So, you want a new car? Chances are you’ll have to get rid of one first, and getting top dollar for your old set of wheels can go a long way to extending your buying budget.

    Dealers will accept just about any car as a trade-in, but the price they offer can vary massively based on the condition of the vehicle you present them.

    That doesn’t mean you have to spend thousands, as just a few simple preparation measures can add hundreds (if not thousands) of dollars to the value of your old faithful steed.

    With that in mind, here are a few of the best ways to make sure your car is ready to impress on trade-in day.

    Smooth out the rough edges

    It’s never cost-effective to complete a full restoration of your car before trading it in, but it can be worth fixing up any obvious blemishes.

    MORE: Did you know you can sell your car fast and hassle-free with CarExpert?

    Small dents and scratches, missing trim pieces, blown bulbs, and low fluid levels are all issues worth addressing, as they don’t cost much to rectify and elevate the value of your car in the eyes of the dealer.

    Whether you undertake these fixes also depends on what your car is worth. It may not be worth throwing cash at a $5000 beater, but more expensive models are definitely worth some love in the lead-up to trade-in.

    Regardless, dealers have a sharp eye when it comes to picking out flaws.

    “We walk around the car with the customer and point out any imperfections, whether it’s a bald tyre or dented bodywork,” Werribee Mitsubishi dealer principal, Brad Hopkins told CarExpert.

    “That devalues the car for us but also shows the seller where it’s losing value.”

    Give it a clean

    It might seem obvious, but many underestimate the power of a good wash.

    If you’ve got the time, a hand wash of the exterior will ensure every inch is free of dust, dirt, and other nasties – but even $20 at the local carwash can make a huge different to the appearance of a car.

    However, you shouldn’t stop there. A clean interior is just as important.

    “Make sure the car is clean and detailed if possible, that’s the best way to present a car to a dealer,” Mr Hopkins said.

    “Don’t leave McDonald’s wrappers in the back!”

    When it comes to tidying up the inside of your car, start by removing any personal belongings and thoroughly vacuum each section including the boot.

    Next, move on to wiping surfaces such as windows, door cards, screens, and the dash. If your car has leather upholstery, it’s also worth investing in some leather treatments.

    There’s an endless array of car care products available, so you can invest as much time and money as you see fit.

    “We can always tell whether a car has been looked after or not by looking at it,” Mr Hopkins said.

    Gather the paperwork

    Presenting a clean car is all well and good, but the only real proof you can give that a car has been looked after comes in the form of maintenance records.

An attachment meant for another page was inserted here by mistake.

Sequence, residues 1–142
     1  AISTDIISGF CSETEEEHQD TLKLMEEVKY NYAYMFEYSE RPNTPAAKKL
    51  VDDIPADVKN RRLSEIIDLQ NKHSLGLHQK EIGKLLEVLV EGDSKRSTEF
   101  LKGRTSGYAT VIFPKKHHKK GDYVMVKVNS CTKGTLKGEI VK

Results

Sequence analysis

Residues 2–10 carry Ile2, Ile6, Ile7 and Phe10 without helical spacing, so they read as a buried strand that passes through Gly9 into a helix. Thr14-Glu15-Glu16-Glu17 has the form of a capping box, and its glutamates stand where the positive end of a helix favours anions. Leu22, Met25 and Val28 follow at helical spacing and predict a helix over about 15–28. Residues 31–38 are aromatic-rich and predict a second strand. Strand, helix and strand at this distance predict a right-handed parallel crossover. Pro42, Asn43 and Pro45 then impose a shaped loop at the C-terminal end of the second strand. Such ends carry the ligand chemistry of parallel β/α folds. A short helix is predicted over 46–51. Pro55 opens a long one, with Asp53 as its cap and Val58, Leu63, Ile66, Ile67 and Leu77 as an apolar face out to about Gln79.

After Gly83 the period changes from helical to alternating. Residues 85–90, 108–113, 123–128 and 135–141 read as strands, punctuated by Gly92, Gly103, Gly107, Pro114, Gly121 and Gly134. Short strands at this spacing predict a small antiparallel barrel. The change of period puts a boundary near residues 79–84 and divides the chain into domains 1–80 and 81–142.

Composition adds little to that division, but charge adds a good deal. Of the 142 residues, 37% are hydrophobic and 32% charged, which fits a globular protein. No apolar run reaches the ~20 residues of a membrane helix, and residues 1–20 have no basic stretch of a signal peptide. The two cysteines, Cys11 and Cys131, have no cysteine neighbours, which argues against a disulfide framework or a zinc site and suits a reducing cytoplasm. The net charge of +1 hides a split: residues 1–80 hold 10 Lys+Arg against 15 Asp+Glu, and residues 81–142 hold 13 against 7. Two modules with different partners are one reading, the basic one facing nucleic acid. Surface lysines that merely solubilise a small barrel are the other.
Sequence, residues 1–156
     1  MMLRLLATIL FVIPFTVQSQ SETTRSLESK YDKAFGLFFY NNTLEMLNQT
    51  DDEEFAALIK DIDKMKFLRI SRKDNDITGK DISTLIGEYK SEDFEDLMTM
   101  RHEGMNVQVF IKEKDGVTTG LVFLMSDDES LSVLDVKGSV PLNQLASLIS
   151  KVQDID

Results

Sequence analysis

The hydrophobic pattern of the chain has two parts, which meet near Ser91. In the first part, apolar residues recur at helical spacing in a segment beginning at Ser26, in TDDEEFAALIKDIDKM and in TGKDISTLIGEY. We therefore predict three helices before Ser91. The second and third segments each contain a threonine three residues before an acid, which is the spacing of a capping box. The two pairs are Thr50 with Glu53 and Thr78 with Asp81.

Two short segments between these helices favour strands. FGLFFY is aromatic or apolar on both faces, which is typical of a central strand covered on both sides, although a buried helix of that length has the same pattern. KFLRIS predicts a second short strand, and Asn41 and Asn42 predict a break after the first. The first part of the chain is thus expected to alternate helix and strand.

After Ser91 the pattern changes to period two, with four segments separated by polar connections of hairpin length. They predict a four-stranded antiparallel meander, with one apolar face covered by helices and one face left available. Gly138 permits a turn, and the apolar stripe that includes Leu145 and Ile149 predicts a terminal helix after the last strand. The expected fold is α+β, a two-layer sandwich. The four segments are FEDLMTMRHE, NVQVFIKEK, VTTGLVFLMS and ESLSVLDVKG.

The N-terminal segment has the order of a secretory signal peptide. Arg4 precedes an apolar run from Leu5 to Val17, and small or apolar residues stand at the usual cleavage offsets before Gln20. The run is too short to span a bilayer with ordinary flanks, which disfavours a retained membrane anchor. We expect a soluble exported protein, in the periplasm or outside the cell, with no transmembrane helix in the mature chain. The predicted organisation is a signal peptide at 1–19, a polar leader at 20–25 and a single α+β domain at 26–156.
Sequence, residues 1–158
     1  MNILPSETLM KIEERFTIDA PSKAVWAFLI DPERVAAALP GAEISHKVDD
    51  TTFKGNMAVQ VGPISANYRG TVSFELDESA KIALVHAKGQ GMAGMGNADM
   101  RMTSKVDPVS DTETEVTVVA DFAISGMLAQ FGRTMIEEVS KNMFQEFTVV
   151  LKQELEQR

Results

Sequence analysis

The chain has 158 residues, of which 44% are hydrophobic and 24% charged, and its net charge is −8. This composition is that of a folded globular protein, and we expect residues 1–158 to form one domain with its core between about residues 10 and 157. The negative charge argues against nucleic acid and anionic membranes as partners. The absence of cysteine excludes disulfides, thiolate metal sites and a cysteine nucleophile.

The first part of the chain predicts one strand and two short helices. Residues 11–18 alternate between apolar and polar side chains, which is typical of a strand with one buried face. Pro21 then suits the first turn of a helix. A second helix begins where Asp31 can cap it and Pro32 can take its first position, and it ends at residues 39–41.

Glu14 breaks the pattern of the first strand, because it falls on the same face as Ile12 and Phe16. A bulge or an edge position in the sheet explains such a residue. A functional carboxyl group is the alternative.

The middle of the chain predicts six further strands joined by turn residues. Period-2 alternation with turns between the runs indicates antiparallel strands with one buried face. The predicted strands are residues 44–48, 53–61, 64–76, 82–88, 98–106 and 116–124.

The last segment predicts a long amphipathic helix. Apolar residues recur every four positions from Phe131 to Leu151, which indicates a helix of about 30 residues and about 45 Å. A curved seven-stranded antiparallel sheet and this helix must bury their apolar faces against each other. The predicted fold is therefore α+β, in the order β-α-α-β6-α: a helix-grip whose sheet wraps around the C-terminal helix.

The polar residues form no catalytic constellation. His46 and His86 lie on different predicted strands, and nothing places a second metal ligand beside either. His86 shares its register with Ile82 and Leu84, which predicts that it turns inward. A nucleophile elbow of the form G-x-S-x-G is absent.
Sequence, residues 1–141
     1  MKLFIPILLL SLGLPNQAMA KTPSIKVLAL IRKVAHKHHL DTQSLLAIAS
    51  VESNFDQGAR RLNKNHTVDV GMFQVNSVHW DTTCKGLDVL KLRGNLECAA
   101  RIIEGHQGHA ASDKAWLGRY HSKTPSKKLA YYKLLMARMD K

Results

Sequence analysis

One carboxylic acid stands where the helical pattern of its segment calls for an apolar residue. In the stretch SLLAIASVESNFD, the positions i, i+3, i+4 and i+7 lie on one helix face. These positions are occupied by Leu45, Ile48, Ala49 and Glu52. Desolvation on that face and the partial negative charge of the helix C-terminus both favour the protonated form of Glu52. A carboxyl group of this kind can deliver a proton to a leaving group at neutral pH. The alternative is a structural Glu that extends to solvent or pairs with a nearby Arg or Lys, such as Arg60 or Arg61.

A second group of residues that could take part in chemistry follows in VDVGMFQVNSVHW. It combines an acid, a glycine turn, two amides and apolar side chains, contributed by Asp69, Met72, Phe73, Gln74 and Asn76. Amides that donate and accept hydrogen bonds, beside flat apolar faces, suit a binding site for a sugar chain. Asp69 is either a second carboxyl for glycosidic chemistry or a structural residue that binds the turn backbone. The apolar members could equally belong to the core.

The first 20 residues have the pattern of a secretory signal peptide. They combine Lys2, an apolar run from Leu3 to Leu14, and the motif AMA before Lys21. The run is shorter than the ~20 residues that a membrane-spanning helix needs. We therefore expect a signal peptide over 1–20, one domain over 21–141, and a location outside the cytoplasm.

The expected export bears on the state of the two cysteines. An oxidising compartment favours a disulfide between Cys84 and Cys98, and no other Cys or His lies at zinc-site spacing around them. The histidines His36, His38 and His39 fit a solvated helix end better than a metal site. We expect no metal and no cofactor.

MORE: Did you know you can sell your car with CarExpert? Get an easy valuation

    So, what documents will a dealer be after?

    A service history, to begin with. Ideally your service book will be full of main dealer stamps, but any history is better than none. Receipts for completed maintenance work add detail to the overall picture.

    In addition to evidence of servicing and repairs, a dealer will want to know that your car is roadworthy.

    You can obtain a roadworthy certificate by submitting your car for an inspection at a licensed tester.

    “Hopefully you have kept up with the servicing schedule while you’ve owned the car, but make sure that it’s in roadworthy condition when you come to sell it,” Mr Hopkins said.

    Other documents that might come in handy include proof of registration and recall work as well as receipts and engineering certificates for modifications.

    Do some research

    You probably have a figure in mind when it comes to the sale price of your car. But is it realistic? Could you even aim a little higher?

    A few hours of research will help you to become the best possible advocate for your car, and put you in a strong position to negotiate.

    First up, take a look at the market for cars similar to your own and come up with a ballpark estimate of its value.

    With that in mind, what makes your car worth buying over other examples?

    Maybe it’s a low mileage example, or comes decked out with all the factory options. Is it in a desirable specification?

    It’s worth arriving at the dealer armed with a good sales pitch.

    Finally you should consider if the economic conditions are likely to inflate or deflate the value of your car.

    There might be certain supply or demand factors shifting car prices as a whole, from changes in wages to seasonal shifts (particularly for weather-reliant convertibles).

    MORE: Did you know you can sell your car fast and hassle-free with CarExpert?

    Josh Nevett

    Josh Nevett is an automotive journalist based in Melbourne, Australia. Josh studied journalism at The University of Melbourne and has a passion for performance cars, especially those of the 2000s. Away from the office you will either find him on the cricket field or at the MCG cheering on his beloved Melbourne Demons.

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